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Bergen County Medical Malpractice Law Blog

Hurt on a cruise ship? Court delivers important med-mal ruling

When most of us think of medical care, we only think of the hospitals and clinics near our home. But what happens when you need medical care while on vacation? How about on a cruise ship out on the open sea?

Cruise ships generally have at least one medical staff member on board, and it is typically understood that treatment resources outside of a hospital setting might be limited. Nonetheless, patients who suffer illness or injury on a cruise ship have a right to expect that they will receive quality medical care or that they will be transported in a timely fashion to a hospital on land.

Daughter of Joan Rivers seeks answers with wrongful death lawsuit

When a patient dies or suffers a negative medical outcome, their families often find that physicians and hospitals are less than forthcoming about the details. In many cases, this is because they want to shield themselves from liability in case the patient or her family decides to pursue a medical malpractice or wrongful death lawsuit.

The irony with this approach, however, is that a lack of answers may be why such a lawsuit is pursued in the first place. If doctors and hospitals won’t disclose details on their own, a lawsuit becomes necessary. This appears to be among the reasons why the daughter of comedienne Joan Rivers is pursuing a wrongful death lawsuit against the physicians and clinic that treated her mother just before she died.

'Tort reform' laws have not lowered health care costs for patients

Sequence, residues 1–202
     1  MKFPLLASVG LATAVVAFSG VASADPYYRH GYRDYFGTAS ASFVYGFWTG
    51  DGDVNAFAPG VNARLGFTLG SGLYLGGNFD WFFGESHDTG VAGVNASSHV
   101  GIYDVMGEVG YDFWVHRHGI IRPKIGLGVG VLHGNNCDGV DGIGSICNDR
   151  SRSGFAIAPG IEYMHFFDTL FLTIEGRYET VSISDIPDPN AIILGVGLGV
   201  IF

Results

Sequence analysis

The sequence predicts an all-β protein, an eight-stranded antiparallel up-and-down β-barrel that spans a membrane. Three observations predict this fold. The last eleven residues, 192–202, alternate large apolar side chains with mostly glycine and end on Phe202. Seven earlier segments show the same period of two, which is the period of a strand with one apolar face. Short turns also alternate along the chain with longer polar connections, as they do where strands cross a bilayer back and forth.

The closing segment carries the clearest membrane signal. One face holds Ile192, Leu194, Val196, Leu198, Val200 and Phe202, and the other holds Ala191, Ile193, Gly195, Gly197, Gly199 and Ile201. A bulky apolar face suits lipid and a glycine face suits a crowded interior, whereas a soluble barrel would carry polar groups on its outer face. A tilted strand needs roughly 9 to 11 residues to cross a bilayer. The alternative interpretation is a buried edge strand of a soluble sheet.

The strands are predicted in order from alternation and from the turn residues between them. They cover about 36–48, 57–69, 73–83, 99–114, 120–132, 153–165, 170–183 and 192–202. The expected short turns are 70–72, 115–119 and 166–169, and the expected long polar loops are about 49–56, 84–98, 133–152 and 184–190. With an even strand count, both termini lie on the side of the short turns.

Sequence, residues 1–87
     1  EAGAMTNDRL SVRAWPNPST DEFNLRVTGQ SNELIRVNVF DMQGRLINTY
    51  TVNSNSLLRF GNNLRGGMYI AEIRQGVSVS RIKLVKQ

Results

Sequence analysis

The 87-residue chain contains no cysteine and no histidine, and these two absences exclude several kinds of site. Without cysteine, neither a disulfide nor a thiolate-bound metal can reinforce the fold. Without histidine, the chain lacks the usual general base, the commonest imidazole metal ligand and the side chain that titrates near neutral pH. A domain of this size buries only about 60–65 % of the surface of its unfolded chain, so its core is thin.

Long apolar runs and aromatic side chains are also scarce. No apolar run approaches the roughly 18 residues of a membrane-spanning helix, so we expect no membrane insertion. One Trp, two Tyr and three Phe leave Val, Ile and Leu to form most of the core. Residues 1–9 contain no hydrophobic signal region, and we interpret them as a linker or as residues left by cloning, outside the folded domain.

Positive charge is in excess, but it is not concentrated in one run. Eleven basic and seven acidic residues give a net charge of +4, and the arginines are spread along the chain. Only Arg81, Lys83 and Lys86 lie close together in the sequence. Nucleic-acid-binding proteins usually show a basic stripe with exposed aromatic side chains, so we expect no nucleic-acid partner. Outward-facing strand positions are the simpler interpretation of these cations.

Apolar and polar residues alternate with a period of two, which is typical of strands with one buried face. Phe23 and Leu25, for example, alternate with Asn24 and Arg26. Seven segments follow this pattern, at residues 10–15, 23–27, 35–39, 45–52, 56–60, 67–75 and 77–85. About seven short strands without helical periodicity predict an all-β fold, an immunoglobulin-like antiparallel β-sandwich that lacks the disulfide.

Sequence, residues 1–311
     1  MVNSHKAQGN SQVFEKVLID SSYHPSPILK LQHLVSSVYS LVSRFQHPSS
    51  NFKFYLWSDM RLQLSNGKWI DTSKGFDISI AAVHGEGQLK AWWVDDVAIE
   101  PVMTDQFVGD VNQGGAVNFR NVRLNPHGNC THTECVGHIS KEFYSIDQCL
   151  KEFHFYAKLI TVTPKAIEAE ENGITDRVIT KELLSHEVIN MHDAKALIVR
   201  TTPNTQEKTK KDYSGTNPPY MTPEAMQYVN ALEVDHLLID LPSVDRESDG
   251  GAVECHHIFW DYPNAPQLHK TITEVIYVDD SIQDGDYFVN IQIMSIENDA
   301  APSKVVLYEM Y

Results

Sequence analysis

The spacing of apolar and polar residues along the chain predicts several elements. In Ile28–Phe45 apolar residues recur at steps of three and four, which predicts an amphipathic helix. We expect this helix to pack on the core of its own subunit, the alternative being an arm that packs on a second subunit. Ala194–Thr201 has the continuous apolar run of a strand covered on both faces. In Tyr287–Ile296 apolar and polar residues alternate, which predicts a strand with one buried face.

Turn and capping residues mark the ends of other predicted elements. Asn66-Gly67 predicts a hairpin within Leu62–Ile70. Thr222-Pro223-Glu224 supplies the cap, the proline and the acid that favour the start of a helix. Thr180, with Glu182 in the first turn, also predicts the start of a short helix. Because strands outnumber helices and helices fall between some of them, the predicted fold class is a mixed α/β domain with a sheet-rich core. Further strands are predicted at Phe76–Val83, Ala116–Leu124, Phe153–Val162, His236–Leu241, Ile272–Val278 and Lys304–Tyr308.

Since the early 2000s, most states in the U.S. have enacted laws broadly referred to as “tort reform.” Such laws have especially impacted medical malpractice lawsuits by making it harder for plaintiffs to prove medical negligence and/or by putting caps on the amount of money juries can award plaintiffs for non-economic damages.

The fact that these laws were called “reforms” implies that the old system was somehow broken and that new laws would result in better health care at lower costs. According to a recent study, health care costs may be going down, but not for patients.

New Jersey Supreme Court delivers important med mal ruling

In any profession, understanding and learning from past mistakes is crucial to preventing future errors. Health care is no exception. For this and other reasons, the New Jersey legislature passed a law called the Patient Safety Act in 2004.

The goal of the act was to give doctors and hospitals the opportunity to conduct their own thorough, internal investigations into errors without worrying that the results of their investigations could be used against them in a later medical malpractice lawsuit. While this is beneficial for health care providers and perhaps for future patients, it may be detrimental to patients who were the victims of the errors being investigated.

Medical malpractice lawsuit shows medicine errors can be fatal

Prescription and hospital-administered medicine errors are a significant problem in the United States. Because prescriptions and doctors’ instructions get passed down to nurses, pharmacists and others, there are opportunities for errors to be made nearly anywhere along the chain of command.

That being said, some medicine errors are as simple as a nurse administering a drug based on the assumption that a patient should have it. A mistake like this proved fatal at a Pennsylvania hospital in 2007. And last month, the victim’s widow was awarded approximately $1.5 million by a jury in a medical malpractice lawsuit.

Expert medical testimony is crucial in medical malpractice cases